Months after it acquired travel social network Everlater, MapQuest has launched a new service called Travel Blogs. This new service allows users to “seamlessly capture all of your memories from your journey and share the adventures with friends and family.” Starting today, MapQuest is making this available on the Web and also for iOS devices.

The release of Travel Blogs comes right before news that Everlater was going to be shutting down its website and iPhone app. However, MapQuest says that it is importing all your content, except videos to its new service. Those that have videos shouldn’t fear for its deletion — the company says that it’s still where it is on YouTube or Vimeo, but it won’t be a part of the MapQuest experience.

The Travel Blogs service allows users to not only utilize MapQuest’s interactive maps, but also upload photos, stories, and reviews to keep track of their travels. They can be also shared with friends through YouTube, Twitter, LinkedIn, and Facebook.

Snap 2013 02 28 at 11.20.47 730x433 MapQuest touts its Everlater acquisition, launches free Travel Blogs for the Web and iOS

Other features include discovering new content from fellow travel journalists and having it being accessible through any computer or iOS device out there.

Everlater was a graduate of the TechStars accelerator in 2009 and back in 2011, was working on raising its Series B round of funding right before it was acquired. At the time, the company enabled users to create free travel blogs of their journey. In an announcement about working for MapQuest, it said that for the last few years, “MapQuest has been quietly laying the groundwork beyond their core offering into the wide world of travel. We have been watching their transformation and are excited that we will be joining them to help build the future of travel online.”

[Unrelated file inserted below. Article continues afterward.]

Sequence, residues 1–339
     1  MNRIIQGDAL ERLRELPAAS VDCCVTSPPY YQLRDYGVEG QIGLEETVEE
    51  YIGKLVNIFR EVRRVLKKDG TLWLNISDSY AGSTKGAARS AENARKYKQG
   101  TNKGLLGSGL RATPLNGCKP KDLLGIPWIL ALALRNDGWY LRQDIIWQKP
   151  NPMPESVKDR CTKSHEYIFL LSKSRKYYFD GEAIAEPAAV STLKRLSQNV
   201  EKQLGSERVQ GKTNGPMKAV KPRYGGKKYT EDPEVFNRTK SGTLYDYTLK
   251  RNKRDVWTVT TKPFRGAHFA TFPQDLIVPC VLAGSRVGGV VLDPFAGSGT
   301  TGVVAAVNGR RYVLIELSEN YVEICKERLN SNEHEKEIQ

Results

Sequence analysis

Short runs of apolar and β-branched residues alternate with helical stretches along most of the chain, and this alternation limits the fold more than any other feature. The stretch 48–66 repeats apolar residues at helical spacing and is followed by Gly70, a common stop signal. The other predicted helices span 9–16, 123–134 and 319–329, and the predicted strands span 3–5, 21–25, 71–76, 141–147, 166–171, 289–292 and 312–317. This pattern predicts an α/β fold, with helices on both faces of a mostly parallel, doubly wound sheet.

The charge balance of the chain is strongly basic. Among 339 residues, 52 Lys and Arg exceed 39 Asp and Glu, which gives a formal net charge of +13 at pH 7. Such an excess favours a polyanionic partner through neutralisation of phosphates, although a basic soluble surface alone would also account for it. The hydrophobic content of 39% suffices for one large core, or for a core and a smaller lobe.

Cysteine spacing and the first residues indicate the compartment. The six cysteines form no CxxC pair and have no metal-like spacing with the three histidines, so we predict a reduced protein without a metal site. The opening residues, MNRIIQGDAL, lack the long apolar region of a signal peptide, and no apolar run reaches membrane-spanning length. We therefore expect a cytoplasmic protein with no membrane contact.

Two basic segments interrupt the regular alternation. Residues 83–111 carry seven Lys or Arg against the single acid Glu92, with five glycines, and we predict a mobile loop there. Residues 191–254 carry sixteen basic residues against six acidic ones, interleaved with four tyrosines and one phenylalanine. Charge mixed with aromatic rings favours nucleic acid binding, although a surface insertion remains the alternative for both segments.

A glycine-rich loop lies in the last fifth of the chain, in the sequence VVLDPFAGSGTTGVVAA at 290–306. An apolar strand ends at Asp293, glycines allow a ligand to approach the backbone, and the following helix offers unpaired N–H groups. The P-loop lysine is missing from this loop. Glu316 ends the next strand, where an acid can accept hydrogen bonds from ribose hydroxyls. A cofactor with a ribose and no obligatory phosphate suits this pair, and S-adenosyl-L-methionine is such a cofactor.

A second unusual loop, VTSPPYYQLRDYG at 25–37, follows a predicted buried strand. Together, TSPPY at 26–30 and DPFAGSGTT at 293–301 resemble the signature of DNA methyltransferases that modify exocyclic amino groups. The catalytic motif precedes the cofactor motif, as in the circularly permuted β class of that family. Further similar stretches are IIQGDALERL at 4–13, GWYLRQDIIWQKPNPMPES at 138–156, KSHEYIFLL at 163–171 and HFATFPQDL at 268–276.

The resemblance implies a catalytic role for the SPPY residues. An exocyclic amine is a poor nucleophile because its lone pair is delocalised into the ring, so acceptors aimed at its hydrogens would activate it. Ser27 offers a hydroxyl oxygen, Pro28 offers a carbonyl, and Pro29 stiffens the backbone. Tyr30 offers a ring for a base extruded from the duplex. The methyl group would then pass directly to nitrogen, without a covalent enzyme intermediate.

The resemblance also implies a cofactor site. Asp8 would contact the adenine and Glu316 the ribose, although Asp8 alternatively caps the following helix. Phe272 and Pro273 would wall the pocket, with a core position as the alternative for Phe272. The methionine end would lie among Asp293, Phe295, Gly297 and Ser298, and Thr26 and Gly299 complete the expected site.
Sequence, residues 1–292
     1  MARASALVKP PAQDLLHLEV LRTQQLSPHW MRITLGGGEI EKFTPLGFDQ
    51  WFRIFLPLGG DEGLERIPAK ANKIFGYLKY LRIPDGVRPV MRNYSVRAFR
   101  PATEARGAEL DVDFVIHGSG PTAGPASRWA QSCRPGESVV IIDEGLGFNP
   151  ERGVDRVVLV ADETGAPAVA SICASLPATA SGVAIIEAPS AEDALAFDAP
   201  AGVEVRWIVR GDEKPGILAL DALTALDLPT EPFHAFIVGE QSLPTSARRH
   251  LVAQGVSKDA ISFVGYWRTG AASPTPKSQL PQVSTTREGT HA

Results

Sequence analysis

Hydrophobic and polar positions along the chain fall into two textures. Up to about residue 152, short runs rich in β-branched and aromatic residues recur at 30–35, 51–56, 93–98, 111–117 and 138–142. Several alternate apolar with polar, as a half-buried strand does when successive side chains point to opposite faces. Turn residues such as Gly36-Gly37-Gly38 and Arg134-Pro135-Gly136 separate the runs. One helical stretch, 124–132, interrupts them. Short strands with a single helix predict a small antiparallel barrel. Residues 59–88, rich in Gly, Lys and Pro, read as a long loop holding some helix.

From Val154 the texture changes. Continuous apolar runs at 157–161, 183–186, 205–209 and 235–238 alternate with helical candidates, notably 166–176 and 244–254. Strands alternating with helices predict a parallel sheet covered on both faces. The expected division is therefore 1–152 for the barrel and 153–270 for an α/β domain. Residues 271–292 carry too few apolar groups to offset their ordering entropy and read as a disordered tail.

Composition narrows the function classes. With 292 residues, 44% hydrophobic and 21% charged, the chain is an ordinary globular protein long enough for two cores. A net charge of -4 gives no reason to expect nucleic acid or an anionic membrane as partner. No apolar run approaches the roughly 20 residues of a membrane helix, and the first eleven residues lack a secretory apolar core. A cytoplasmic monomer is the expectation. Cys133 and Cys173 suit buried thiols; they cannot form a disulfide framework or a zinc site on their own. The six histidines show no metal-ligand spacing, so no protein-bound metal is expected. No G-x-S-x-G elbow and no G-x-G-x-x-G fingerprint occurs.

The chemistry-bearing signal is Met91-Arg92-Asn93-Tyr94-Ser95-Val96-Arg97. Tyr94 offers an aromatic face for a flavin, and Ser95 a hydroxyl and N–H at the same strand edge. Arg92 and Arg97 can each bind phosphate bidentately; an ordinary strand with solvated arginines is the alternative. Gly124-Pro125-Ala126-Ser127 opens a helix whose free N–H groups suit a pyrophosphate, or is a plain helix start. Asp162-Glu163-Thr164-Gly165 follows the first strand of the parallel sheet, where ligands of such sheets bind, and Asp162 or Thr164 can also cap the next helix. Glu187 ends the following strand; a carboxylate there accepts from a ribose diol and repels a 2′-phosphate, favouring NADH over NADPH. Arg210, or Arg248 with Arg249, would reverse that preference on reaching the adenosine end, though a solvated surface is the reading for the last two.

Snap 2013 02 28 at 11.27.35 730x415 MapQuest touts its Everlater acquisition, launches free Travel Blogs for the Web and iOS

MapQuest, for all intents and purposes, is a provider of online maps and driving directions — think Google Maps. But while Google has been growing its mapping service, MapQuest has been lagging behind — look at Google’s attempt at bringing more visual appeal to maps with Street View (such as the Grand Canyon and Lucas Oil Field Stadium), in addition to releasing an SDK for developers to incorporate Google Maps into their apps.

Now, the AOL-owned service hopes that it can encourage more users to come to the site in an attempt to pick away at its Google counterpart and also maybe even go after TripAdvisor as well.

The travel space has become increasingly busy over the past few years with services like Trippy, Peek, TripIt, Gogobot, and others becoming popular. It’s great to see that MapQuest has released an iOS app as well since most people won’t want to take photos or video and wait to upload it to their page — they’d probably rather just push the content out using Instagram, Path, Twitter, or Facebook.

MapQuest Travel Blogs for iOS

Photo credit: Peter Macdiarmid/Getty Images

Disclosure: This article contains an affiliate link. While we only ever write about products we think deserve to be on the pages of our site, The Next Web may earn a small commission if you click through and buy the product in question. For more information, please see our Terms of Service.